“Honey, I should have my own reality TV show. (Laughter)

I would be the next Snooki, for sure.” But with a history like mine, I’ll give you one guess which camp I fell into.

And at 21 years old, I moved to Brooklyn as part of “seven strangers picked to live in a house.”

I love this quote by Jim Carrey;

he says,

“I think everybody should get rich and famous and do everything they ever dreamed of, so they can see that it’s not the answer.”

But how many of you have gone after a goal based off of the feelings you thought you would feel once you accomplish that goal?

The Real World didn’t bring me a connection like I thought it would.

In fact, if anything, I was lonelier than I had ever been during those “15 minutes of fame.

” But this lesson propelled me into the work I do now: studying connection.

And whether it’s the events I produce or the show that I host, or the coaching sessions I have, everything exists to create a connection, because here I am now, my oh-so-wise adult self, searching for what actually creates the connection.

And here’s what I found.

In order to feel connected, we need to feel seen, heard, and valued.

You may have heard of Blue Zones.

Blue Zones are areas all over the world where researchers have found that people lived the longest and happiest lives.

So everybody does this differently.

Communities in, like,

  • Loma Linda, California;
  • Okinawa, Japan;
  • Sardinia, Italy;

some pray together, while others, they walk together, and others simply spend more time nurturing relationships with their families.

But the one thing that they all do in common is they prioritize connection.

They focus on their relationships.

What I found is that these societies have created something that I call an “anchor of connection.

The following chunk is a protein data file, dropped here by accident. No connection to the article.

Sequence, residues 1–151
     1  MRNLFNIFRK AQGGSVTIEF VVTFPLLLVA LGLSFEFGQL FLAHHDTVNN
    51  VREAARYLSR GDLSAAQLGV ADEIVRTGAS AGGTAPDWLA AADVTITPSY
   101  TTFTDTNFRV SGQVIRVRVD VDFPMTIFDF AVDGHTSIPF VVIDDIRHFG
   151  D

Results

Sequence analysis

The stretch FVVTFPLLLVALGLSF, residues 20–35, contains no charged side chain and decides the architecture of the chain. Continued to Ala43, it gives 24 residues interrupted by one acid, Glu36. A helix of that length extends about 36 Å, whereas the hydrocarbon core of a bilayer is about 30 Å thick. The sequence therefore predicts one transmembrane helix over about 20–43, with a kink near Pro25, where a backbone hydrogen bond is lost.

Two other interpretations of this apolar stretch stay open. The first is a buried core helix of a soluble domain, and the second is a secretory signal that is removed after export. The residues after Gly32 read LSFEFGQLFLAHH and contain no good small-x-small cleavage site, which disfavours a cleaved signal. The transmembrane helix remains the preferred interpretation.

” An anchor is created simply by spending quality time with people who see, hear and value you.


But Baya, how do we create our own anchors of connection?

I’m so glad you asked. (Laughter)

The most powerful way to create an anchor is through ritual.

Now, I know when we think about ritual, we generally think about religion or sacred ceremony.

But today I want to redefine ritual as something that’s not necessarily religious or sacred but instead something that we’re already doing on a day-to-day basis.

The key to making ritual such a powerful tool for connection is that ritual is repeated action plus intention.

When you combine repeated action and intention, ritual becomes ingrained in you just like habits do.

The best places to find ritual are with your friends and families, in your intimate relationships, and within your communities.

Now, we’ve been gathering around fires forever to storytelling and connect.

For me and my girlfriends, our couches act as the metaphorical fire that we gather around.

Every Monday night we throw on our leggings, we head to one of our houses, we pour ourselves some rosé, we pile onto the couch, and we just talk.

We’ve ritualized Monday nights as a time where we come to connect and fill our tanks for the rest of the week.

And while plenty of Mondays, we’re coming and we’re talking about the things that are exciting and going well in our lives; but on lots of Mondays we come with our tanks empty, whether that’s the small storms that have built up, just daily wear and tear, or the bigger storms, like going through a divorce or a miscarriage.

But whether we’re grieving or celebrating, we’ve ritualized Monday nights as our anchor of connection.

After Monday nights I head over to my partner’s house, and we have a ritual that we’ve been doing for the past year or so, where before bed, we each say: the thing I love about you most today is. And then we both say something really kind about one another.